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Antiderivatives are fundamental concepts in calculus. They are the inverse operation of derivatives.

Given a function f(x), an antiderivative, also known as indefinite integral, F, is the function that can be differentiated to obtain the original function, that is, F’ = f, e.g., 3x^{2} -1 is the antiderivative of x^{3} -x +7 because $\frac{d}{dx} (x^3-x+7) = 3x^2 -1$. Symbolically, we write F(x) = $\int f(x)dx$.

The process of finding antiderivatives is called integration.

**The Second Fundamental Theorem of Calculus**. If f is a continuous function and c is a constant, then f has a unique antiderivative A that satisfies A(c) = 0, and that antiderivative is given by the rule A(x) = $\int_{c}^{x} f(t)dt$.

In mathematics, the logarithm is the inverse function to exponentiation. We call the inverse of a^{x} **the logarithmic function with base a**, that is, log_{a}x=y ↔ a^{y}=x, that means that the logarithm of a number x to the base a is the exponent to which a must be raised to produce x, e.g., log_{4}(64) = 3 ↭ 4^{3} = 64, log_{2}(16) = 4 ↭ 2^{4} = 16, log_{8}(512) = 3 ↭ 8^{3} = 512, but log_{2}(-3) is undefined.

The logarithm’s domain consists of all real positive numbers. Its range is ℝ (figure i and ii). x-intercept: (1, 0), y-intercept: none. It is one-to-one and has a vertical asymptote along the y-axis at x = 0.

Recall, $\int x^n = \frac{x^{n+1}}{n+1}+C$, n ≠ 1.

We already know that L’(x) = 1/x, L(1) = 0.

By the The Second Fundamental Theorem of Calculus, the antiderivative of 1/x is L(x) = $\int_{1}^{x} \frac{dt}{t}$, L’(x) = 1/x and c = 1 (L(1) = 0). Notice that we could take L(x) as the definition of the logarithm. In other words, the natural logarithm can be defined as the definite integral L(x) = $\int_{1}^{x} \frac{dt}{t}$. Besides, L(x) equals the area between the x-axis and the graph of the function 1/t, ranging from t = 1 to t = x.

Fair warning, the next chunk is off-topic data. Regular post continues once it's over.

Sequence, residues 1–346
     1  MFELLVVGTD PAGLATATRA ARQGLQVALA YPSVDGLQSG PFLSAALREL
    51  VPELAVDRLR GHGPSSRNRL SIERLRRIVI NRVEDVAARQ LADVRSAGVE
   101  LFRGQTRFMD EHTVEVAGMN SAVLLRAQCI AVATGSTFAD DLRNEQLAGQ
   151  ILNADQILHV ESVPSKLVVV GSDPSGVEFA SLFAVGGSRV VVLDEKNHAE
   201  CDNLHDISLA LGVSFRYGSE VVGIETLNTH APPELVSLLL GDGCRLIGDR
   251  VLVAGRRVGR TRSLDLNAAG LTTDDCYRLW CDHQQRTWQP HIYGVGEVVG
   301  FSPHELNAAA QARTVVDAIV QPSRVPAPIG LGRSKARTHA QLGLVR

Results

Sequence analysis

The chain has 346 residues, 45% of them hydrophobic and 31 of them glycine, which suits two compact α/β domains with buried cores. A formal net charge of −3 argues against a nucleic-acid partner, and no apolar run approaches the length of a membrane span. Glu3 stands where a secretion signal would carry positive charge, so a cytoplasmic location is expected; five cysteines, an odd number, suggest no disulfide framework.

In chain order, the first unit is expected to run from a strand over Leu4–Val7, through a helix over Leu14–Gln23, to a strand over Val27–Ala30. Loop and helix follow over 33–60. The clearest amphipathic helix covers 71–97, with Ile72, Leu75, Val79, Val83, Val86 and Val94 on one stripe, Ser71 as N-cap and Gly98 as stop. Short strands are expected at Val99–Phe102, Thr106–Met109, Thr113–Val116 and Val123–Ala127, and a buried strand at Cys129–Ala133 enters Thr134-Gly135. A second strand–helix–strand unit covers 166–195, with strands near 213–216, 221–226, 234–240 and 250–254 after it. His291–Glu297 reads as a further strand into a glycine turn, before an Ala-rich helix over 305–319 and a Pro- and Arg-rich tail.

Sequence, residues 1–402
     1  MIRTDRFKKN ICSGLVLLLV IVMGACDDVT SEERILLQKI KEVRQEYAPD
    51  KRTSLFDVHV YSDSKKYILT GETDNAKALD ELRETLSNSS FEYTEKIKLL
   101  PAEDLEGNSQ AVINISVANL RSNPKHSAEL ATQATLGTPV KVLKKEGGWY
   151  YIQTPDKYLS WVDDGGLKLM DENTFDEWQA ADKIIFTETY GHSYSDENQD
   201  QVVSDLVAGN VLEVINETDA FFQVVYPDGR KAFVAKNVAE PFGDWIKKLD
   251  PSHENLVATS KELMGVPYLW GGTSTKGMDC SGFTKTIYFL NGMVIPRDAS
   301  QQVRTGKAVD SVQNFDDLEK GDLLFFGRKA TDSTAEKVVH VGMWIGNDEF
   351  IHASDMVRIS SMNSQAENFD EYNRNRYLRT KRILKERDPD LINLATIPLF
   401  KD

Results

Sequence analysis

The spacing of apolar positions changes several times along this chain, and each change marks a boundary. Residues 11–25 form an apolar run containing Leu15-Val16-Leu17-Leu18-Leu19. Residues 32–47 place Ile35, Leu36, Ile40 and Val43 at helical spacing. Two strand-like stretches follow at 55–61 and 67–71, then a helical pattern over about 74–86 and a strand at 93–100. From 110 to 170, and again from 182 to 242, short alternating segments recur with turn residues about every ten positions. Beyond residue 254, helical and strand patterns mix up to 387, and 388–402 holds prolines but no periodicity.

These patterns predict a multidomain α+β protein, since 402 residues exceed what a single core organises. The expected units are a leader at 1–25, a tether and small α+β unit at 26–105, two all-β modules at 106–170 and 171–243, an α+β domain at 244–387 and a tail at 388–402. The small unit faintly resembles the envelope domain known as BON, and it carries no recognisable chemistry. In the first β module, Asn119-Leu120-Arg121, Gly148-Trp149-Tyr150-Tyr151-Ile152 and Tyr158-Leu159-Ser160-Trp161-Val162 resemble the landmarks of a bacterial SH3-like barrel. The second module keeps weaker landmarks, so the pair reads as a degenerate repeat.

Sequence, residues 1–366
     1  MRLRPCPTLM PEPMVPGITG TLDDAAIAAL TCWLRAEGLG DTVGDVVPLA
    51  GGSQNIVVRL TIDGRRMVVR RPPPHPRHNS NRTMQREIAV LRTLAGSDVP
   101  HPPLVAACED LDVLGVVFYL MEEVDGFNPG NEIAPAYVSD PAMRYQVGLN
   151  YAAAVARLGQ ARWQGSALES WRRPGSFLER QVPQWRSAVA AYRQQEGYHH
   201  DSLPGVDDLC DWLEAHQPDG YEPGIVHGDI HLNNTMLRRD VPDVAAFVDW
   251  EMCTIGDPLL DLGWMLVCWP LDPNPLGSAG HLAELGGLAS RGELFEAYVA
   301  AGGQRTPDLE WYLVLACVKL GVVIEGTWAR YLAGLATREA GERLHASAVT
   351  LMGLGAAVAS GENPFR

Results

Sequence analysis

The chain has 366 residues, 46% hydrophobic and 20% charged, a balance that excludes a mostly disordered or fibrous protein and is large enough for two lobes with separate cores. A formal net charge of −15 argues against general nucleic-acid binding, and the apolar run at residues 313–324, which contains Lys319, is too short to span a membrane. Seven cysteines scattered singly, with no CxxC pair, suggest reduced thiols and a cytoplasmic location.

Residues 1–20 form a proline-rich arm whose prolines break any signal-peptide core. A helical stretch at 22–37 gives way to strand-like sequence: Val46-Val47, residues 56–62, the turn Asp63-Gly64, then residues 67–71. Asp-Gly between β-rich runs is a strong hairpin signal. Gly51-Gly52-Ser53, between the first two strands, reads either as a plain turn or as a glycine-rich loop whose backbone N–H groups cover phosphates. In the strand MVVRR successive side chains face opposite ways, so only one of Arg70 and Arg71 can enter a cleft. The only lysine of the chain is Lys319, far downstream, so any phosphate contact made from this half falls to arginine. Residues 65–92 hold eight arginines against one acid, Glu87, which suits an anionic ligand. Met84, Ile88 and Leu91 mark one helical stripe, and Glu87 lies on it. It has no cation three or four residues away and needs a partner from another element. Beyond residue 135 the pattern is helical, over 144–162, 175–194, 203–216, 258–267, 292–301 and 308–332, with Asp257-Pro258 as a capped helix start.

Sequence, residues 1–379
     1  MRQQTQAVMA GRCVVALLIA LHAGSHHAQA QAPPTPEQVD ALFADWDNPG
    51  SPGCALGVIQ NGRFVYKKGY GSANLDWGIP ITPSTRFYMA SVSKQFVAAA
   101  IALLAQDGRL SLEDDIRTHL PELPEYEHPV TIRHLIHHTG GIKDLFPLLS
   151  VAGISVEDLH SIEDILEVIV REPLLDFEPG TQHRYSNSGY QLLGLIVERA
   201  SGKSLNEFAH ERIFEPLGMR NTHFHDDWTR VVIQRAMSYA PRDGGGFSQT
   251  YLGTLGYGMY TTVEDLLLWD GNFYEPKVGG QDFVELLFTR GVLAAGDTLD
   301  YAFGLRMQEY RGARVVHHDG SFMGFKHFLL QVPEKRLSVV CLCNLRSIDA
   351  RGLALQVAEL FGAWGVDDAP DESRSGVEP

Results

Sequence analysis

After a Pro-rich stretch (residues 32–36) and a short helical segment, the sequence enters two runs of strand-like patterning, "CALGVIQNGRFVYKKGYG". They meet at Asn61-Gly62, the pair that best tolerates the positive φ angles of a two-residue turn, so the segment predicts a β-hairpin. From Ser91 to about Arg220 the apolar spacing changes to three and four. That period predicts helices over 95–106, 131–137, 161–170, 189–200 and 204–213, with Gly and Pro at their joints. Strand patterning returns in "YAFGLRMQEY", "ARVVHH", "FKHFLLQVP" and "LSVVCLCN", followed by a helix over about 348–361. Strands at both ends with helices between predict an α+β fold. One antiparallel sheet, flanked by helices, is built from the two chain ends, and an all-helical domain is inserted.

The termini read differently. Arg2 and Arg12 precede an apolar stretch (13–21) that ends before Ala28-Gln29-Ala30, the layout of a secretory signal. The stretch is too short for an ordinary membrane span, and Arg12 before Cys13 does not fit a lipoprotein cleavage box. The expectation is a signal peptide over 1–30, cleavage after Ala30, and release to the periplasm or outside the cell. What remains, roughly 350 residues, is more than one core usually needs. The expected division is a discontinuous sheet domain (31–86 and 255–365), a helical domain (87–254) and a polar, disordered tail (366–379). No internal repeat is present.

Futhermore, L’’(x) = $\frac{-1}{x^2}$, so it’s concave down. Besides, L’(x) > 0 (x > 0), so L is constantly increasing. Euler’s number e is defined as the constant e such that L(e) = 1 -Figure 1.a-.

Let’s prove the well-known logarithm’s property **L(ab) = L(a) + L(b)**. $L(ab) = \int_{1}^{ab} \frac{dt}{t}$ =[Definite Integrals on Adjacent Intervals] $\int_{1}^{a} \frac{dt}{t} + \int_{a}^{ab} \frac{dt}{t}$ =[Integration by substitution or change of variables in the second integral, t = au, dt = adu where a is a constant, t = a ↭ a = au ↭ u = 1, t = ab ↭ u = b] = $\int_{1}^{a} \frac{dt}{t} + \int_{1}^{b} \frac{adu}{au} = \int_{1}^{a} \frac{dt}{t} + \int_{1}^{b} \frac{du}{u}$ = L(a) + L(b).

Similarly, **L(a ^{r}) =** $ \int_{1}^{a^{r}} \frac{dt}{t} =$[Integration by substitution or change of variables, w = t

By the The Second Fundamental Theorem of Calculus, ⇒[If f is a continuous function and c is a constant, then f has a unique antiderivative A that satisfies A(c) = 0, and that antiderivative is given by the rule A(x) = $\int_{c}^{x} f(t)dt$.] the equation y’ = $e^{-x^{2}}, y(0) = 0$ has a solution F(x) = $\int_{0}^{x} e^{-t^{2}}dt$ and c = 0 (F(0) = 0).

Therefore, F’(x) = $e^{-x^{2}} > 0$, hence F is always increasing, F’(0) = $e^{-0^{2}} = 1$ ⇒ **the slope of the tangent line is 1 at x = 0**. Besides, F(0) = 0. F’’(x) = $-2xe^{-x^{2}}$.

$F’’(x) = \begin{cases} F’’ < 0, &x > 0 \\ F’’ > 0, &x < 0 \end{cases}$

Therefore, F is concave down to the right of the vertical axis, F is concave up to the left of the vertical axis, with an inflection point at the origin of coordinates (0, F(0)) = (0, 0). Futhermore, F is an odd function ↭ F(-x) = -F(x) -Figure 1.b-. The plots shown below correspond to F and F'.

Futhermore, $\lim_{x \to ∞} \int_{0}^{x} e^{-t^{2}}dt = \frac{\sqrt{π}}{2}, \lim_{x \to -∞} \int_{0}^{x} e^{-t^{2}}dt = -\frac{\sqrt{π}}{2}$ and this is by no means easy to demonstrate.

The error function (erf) (also called the Gauss error function), often denoted by erf (Figure 1.c), is a special function defined as: $erf(x) =\frac{2}{\sqrt{π}}\int_{0}^{x} e^{-t^{2}}dt = \frac{2}{\sqrt{π}}F(x)$, and it has the following properties:

- Dom(erf) = ℝ.
- $\lim_{x \to -∞} (\frac{2}{\sqrt{π}}\int_{0}^{x} e^{-t^{2}}dt) = \frac{2}{\sqrt{π}}\int_{0}^{-∞} e^{-t^{2}}dt = -\frac{2}{\sqrt{π}}\int_{-∞}^{0} e^{-t^{2}}dt =$[This integral requires a more advanced knowledge of Calculus, $\int_{-∞}^{0} e^{-t^{2}}dt = \frac{\sqrt{π}}{2}$] =$-\frac{2}{\sqrt{π}}·\frac{\sqrt{π}}{2} = -1$
- $\lim_{x \to ∞} (\frac{2}{\sqrt{π}}\int_{0}^{x} e^{-t^{2}}dt) = \frac{2}{\sqrt{π}}\int_{0}^{∞} e^{-t^{2}}dt =\frac{2}{\sqrt{π}}·\frac{\sqrt{π}}{2} = 1$, so there are two horizontal asymptotes y = -1 and y = 1.
- erf’(x) =[By the The Second Fundamental Theorem of Calculus] $\frac{2}{\sqrt{π}}e^{-x^2}$, erf’(x) > 0, hence erf is always increasing.
- It is odd, that is, erf (-x) = -erf (x).

This non-elementary integral is a sigmoid (a function whose graph has a characteristic S-shaped or sigmoid curve) function that occurs often in probability, statistics, and partial differential equations.

This content is licensed under a Creative Commons Attribution-NonCommercial-ShareAlike 4.0 International License and is based on MIT OpenCourseWare [18.01 Single Variable Calculus, Fall 2007].

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